Though I never ever made a stink, it used to irk me quite a bit when I was a young ROCer/MOCer and highly patriotic Canadian.

I eventually moved on from all that and today I don't see it as a compliment or an insult. Just neutral. Often in tourism circles it's just small talk intended to separate you from even more of your money.
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Still a really nice group of people to spend Christmas dinner with, though.
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  #3686  
Old Posted May 19, 2020, 6:26 PM
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Originally Posted by kool maudit View Post
A lot of Europeans will exaggeratedly bow and scrape if, after asking you what part of the states you're from, you reply with "actually I'm Canadian".

They're just being nice and showing that they are aware of our thing, but I don't really think it reflects very well on us. I think that if a country is going to make such a big deal of differentiating itself, maybe it should actually differentiate itself.

If we wind up conversing about it, I usually say something like "hey, no worries -- it's just the usual 'little neighbour' stuff. I do it to Austrians and Belgians myself!"
That’s exactly why I like my usual answers to the question - it can leave them bowing and scraping for no reason, which amuses me. Especially if the person is English - that just makes it even more enjoyable.
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  #3687  
Old Posted May 19, 2020, 6:33 PM
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Originally Posted by Acajack View Post
On a related but a bit bizarre note, a Franco-Ontarien relative of my wife's got all miffed in Paris when people mistook her for Québécois.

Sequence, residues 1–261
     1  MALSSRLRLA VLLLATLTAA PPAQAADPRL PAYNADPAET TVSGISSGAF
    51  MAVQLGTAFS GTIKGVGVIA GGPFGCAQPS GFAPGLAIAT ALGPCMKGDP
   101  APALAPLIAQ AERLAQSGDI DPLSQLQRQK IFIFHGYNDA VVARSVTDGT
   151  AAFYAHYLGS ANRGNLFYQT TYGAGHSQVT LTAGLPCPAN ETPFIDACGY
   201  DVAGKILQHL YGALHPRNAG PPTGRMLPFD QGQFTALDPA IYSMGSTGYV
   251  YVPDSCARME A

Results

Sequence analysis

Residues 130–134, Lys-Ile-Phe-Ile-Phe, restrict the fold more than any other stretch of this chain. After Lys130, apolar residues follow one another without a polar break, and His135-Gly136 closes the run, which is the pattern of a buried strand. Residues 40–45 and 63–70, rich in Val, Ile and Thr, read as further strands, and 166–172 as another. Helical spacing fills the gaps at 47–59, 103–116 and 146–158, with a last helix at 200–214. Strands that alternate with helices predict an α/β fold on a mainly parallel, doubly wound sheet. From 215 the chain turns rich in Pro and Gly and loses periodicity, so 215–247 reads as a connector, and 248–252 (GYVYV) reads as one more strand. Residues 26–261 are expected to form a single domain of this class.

I missed this before. Oh boy. How dare you people 6,000 km away fail to get my provincial Canadian minority status right?

How many Canadians can tell the difference between Normand and Auvergnat culture or language?

I will admit I don't even think of Franco-Ontarien as a separate "thing" from Quebec. I just thought of it as people who spilled over into Ontario from Quebec, while I think of Acadians as separate. I have Francophone relatives and I was born in Nova Scotia but they are from Quebec and I don't self-identify as Acadian (Acadian doesn't mean "French-speaking person from the Maritimes", it's a specific culture).
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  #3688  
Old Posted May 19, 2020, 6:37 PM
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I missed this before. Oh boy. How dare you people 6,000 km away fail to get my provincial Canadian minority status right?

I will admit I don't even think of Franco-Ontarien as a separate "thing" from Quebec. I just thought of it as people who spilled over into Quebec from Ontario, while I think of Acadians as separate. I have Francophone relatives and I was born in Nova Scotia but they are from Quebec and I don't self-identify as Acadian at all for example (Acadian doesn't mean "French-speaking person from the Maritimes", it's a specific culture).
"Acadien" would no doubt register a bit more in France, as there have been a number of Acadien celebrities and things that have attained visibility under that umbrella over the years across the pond.
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*An assembly of shareholders that likes to pretend it is a close-knit family, in order to maintain access to grandpa's inheritance.

Still a really nice group of people to spend Christmas dinner with, though.
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  #3689  
Old Posted May 19, 2020, 8:13 PM
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Originally Posted by Acajack View Post
Many are often visibly uncomfortable about having made that type of faux-pas.
I have been effusively apologized to by foreigners who have taken me for an American while I've been abroad. I have to admit the first time it happened, I was taken aback... it's like they expected my nose to be out of joint about it.